Meadow #1: GARDEN AUTHOR VISIT! On Tuesday I had my first in-person school visit in over a year at Calvary Nursery School and Child Care. The visit took place outdoors at a good social distance and everyone was wearing masks. The children were great listeners and empathized greatly with Little Ewe during her time of being lost. Everyone was relieved when Shepherd found her and it sparked great discussion over times they have been lost and how wonderful it felt to be found. It was the highlight of my week. Here’s a collage that captures the morning:
Meadow #2: INTERVIEW! On Wednesday, Little Ewe and were invited to Pastor Noelle Kirchner’s blog. Noelle is a TV host, pastor, writer, and mother of three boys. She’s also the author of an amazing bible study which I featured on my blog last fall. In my interview with Noelle this week, I answered questions such as “What inspired me to write LITTLE EWE?” and “Do I have a favorite tradition for celebrating Easter with my family?” I also shared several picture books have I found that successfully point children to God. I hope you hop on over to find the answers. Here’s the link. =)
Meadow #3: GUEST POST: FIVE SIMPLE STEPSFOR USING PICTURE BOOKS TO POINT LITTLE ONES TO GOD. A big thank you to blogger, writer, and speaker Sally Matheny for hosting me on her blog this week as I shared a topic close to my heart: using picture books to spark meaningful faith conversations with our little ones. Earlier this month she also reviewed LITTLE EWE. You can find the review here and the guest post here.
Meadow #4: REVIEW! 12 Things to Love About Laura Sassi’s LITTLE EWE Last, but not least, leap on over to picture book author Rebecca J. Gomez’s blog for her thoughts on LITTLE EWE. Thank you, Rebecca!
Today, I’m thrilled to be a part of the ’TWAS THE MORNING OF EASTER blog tour. At this stop, Glenys will be sharing five fun facts about the book, plus there is a giveaway!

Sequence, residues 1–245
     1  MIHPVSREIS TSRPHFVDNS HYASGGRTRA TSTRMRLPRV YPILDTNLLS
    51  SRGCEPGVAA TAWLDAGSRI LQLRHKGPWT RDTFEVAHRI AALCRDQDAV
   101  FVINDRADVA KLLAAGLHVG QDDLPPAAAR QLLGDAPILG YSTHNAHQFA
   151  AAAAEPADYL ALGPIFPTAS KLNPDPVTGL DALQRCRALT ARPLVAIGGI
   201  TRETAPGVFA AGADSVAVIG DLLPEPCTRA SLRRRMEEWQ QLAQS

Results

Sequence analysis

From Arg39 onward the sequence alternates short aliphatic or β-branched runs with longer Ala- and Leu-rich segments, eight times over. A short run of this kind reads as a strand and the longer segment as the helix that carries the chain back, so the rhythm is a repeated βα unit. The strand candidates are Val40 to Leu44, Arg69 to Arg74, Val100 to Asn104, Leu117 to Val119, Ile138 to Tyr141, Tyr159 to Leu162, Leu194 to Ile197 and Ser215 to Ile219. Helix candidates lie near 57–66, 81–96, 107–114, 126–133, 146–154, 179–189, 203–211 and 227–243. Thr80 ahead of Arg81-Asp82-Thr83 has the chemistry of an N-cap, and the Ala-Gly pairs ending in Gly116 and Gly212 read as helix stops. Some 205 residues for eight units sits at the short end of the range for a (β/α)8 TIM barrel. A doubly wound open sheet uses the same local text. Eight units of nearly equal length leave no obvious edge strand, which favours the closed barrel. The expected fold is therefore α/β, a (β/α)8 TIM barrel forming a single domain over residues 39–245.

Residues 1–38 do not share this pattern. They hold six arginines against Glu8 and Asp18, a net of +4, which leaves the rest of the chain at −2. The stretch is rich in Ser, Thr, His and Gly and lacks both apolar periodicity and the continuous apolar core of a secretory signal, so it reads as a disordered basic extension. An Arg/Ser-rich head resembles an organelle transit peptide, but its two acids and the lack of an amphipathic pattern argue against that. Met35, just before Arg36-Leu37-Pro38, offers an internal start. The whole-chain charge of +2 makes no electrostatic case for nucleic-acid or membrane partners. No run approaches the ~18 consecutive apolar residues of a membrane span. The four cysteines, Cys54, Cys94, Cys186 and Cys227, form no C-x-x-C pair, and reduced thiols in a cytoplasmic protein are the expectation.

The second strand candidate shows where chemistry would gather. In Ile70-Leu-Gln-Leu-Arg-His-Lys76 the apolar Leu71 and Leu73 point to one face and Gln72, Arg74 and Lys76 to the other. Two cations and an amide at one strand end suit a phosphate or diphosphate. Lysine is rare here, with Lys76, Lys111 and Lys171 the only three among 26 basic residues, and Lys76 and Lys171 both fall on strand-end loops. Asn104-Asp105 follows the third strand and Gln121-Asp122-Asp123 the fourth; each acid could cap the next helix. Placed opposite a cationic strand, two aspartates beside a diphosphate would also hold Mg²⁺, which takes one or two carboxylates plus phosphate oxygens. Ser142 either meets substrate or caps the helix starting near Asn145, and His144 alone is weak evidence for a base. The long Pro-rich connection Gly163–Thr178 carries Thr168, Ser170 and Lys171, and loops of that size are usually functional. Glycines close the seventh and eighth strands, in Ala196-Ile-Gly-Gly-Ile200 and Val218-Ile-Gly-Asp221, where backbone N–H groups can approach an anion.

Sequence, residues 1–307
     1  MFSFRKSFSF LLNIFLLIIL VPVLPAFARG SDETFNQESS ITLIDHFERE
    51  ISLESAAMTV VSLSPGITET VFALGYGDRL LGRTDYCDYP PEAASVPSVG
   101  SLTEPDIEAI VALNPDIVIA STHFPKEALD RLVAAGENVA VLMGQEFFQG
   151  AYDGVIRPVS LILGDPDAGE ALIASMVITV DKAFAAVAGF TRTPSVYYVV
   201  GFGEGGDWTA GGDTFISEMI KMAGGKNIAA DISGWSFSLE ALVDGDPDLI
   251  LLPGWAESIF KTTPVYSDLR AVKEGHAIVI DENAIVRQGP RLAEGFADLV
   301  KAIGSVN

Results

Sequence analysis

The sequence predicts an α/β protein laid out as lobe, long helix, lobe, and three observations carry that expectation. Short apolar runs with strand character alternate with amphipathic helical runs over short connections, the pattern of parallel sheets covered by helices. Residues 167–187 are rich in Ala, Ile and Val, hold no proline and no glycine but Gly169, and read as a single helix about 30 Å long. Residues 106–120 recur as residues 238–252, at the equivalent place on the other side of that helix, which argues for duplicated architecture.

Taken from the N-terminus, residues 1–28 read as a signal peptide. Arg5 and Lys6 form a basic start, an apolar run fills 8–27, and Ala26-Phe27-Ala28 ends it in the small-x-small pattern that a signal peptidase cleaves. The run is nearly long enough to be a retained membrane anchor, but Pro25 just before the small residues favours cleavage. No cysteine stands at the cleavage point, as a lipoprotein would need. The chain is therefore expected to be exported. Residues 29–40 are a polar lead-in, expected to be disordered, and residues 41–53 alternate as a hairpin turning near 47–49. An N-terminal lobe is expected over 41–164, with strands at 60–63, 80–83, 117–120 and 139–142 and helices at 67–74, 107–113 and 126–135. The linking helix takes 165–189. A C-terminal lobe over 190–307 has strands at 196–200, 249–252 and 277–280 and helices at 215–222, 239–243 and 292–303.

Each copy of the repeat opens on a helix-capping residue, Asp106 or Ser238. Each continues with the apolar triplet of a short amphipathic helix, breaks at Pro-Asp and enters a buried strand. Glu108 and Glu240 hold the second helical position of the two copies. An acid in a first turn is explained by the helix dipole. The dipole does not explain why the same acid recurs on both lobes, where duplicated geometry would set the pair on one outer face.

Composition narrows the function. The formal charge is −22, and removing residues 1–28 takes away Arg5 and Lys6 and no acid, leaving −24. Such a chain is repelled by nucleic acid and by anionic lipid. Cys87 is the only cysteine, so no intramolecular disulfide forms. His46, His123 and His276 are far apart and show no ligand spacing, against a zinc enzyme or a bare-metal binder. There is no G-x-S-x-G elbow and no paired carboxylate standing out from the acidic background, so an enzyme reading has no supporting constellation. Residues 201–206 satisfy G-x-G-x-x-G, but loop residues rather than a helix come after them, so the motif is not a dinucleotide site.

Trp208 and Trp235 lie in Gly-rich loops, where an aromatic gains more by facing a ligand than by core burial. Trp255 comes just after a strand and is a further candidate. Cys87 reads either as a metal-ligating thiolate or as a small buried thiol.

About the Book: A follow-up to the popular ‘Twas the Evening of Christmas from beloved author Glenys Nellist. ‘Twas the Morning of Easter tells the story of the resurrection of Jesus in a fresh way, with a familiar rhythm and rhyme that children will love, following the pattern of Clement Moore’s iconic “‘Twas the Night Before Christmas.”
Get a preview with the book trailer, then enjoy Glenys’ thoughts as she shares five fun facts about this delightful new addition to Glenys’ book collection.
Five Fun Facts About Twas the Morning of Easter
by Glenys Nellist
Twas the Morning of Easter, like the first in the series, is written in the same rhythm and rhyme as the Clement C Moore classic, The Night Before Christmas. I’m hoping that when readers read the text, they will notice the similarities between the two books and be able to spot the places where I used some of Clement C. Moore’s original phrasing, rhythm and word play.
This book wasn’t my idea! I was sitting in a little café having lunch with my editor one day when she asked me this question: “Have you ever thought about writing a follow up to Twas the Evening of Christmas, called Twas the Morning of Easter?” “No,” I replied, “but I’ll go and write it right now!” And that is how Twas the Morning of Easter came to be.
Unlike most Easter picture books, Twas the Morning of Easter tells the story of the resurrection through the eyes of Mary Magdalene, the first preacher of the gospel and the one to whom Jesus first appeared. I was thrilled, then, to see illustrator Elena Selivanova’s beautiful depictions of Mary. This spread is my favorite.